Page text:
Madhav Goyal, a general internal medicine fellow at The Johns Hopkins School of Medicine, said, that in developing countries, including India, the public services provided by the central and the local administration seldom reached the people for whom they were meant.
Previous work had shown that a combination of factors, such as non-accountability was partly responsible for this.
In the current study, the team comprising of scientists from The Johns Hopkins School of Medicine, the World Bank, and Case Western Reserve University, concentrated their efforts on Uttar Pradesh, one of the most backward states in the country.
The researchers first determined which public services were mandated to be available.
Then they randomly selected 105 village clusters-small groups of adjacent villages with a single head and council members.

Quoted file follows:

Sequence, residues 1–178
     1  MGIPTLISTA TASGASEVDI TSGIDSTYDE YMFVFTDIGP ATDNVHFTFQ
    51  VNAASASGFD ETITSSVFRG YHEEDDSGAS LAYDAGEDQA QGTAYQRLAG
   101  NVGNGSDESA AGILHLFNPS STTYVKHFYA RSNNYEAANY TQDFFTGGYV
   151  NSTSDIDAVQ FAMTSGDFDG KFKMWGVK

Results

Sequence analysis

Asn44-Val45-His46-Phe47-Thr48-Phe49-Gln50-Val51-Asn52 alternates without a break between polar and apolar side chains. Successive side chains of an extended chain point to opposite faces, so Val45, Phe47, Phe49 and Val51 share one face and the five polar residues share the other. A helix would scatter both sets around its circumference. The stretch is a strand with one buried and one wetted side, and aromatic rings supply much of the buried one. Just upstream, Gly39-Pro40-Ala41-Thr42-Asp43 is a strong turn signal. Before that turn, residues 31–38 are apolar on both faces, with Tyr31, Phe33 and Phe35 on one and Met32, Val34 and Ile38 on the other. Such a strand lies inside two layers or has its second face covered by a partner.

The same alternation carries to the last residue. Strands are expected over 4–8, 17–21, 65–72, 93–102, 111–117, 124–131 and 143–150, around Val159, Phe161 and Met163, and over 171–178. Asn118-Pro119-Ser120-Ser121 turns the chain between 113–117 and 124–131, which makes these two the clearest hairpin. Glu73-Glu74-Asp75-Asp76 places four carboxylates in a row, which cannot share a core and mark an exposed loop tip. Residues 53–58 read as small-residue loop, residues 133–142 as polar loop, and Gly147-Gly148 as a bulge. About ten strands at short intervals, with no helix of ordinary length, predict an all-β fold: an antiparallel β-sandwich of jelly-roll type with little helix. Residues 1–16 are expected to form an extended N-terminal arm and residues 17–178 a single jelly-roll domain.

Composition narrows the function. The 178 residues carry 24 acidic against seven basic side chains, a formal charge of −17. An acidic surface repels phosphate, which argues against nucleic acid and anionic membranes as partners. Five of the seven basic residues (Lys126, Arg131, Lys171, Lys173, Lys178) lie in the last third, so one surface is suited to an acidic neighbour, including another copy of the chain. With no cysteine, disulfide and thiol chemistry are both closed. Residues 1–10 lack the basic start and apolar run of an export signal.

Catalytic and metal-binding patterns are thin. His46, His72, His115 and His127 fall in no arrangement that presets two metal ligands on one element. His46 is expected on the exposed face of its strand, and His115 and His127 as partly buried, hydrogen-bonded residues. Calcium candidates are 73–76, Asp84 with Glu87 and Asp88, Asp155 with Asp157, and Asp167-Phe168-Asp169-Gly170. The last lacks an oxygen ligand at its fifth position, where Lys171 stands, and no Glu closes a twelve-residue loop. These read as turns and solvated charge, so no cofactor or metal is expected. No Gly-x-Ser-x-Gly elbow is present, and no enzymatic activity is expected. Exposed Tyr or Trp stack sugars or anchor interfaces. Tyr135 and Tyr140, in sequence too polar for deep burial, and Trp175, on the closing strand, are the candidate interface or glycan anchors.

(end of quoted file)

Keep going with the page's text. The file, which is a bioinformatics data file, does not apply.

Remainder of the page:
The team interviewed households in each cluster, taking a baseline reading of residents' knowledge of public benefits and how often household members accessed these services.
Findings revealed that roughly half of the randomly selected villages held informational town meetings where villagers could ask questions related to health issues, including prenatal and delivery care for pregnant women, vaccination for children and the like.
"Our hope was that if village residents knew what their rights were, they would be more likely to demand them from service providers," said Goyal.
A second survey of the households in the village clusters one year later showed significant differences between those that held meetings and those that did not.
Village clusters that held educational meetings reported 30 percent more prenatal exams, 24 percent more prenatal supplementations, 27 percent more tetanus vaccinations, and 25 percent more infant vaccinations, the study revealed.
"With this minimal intervention-holding these informational meetings-people reported better receipt of services they are entitled to," said Goyal.
Goyal said the informational program cost only 4000 dollars, or about 22 cents per household, adding that disseminating the same information by radio and newspapers could cost much lower.
"This strategy could be useful in other similarly-challenged countries. Though the problems aren't as prevalent in the United States, "this type of intervention would still be useful to explore here," he said.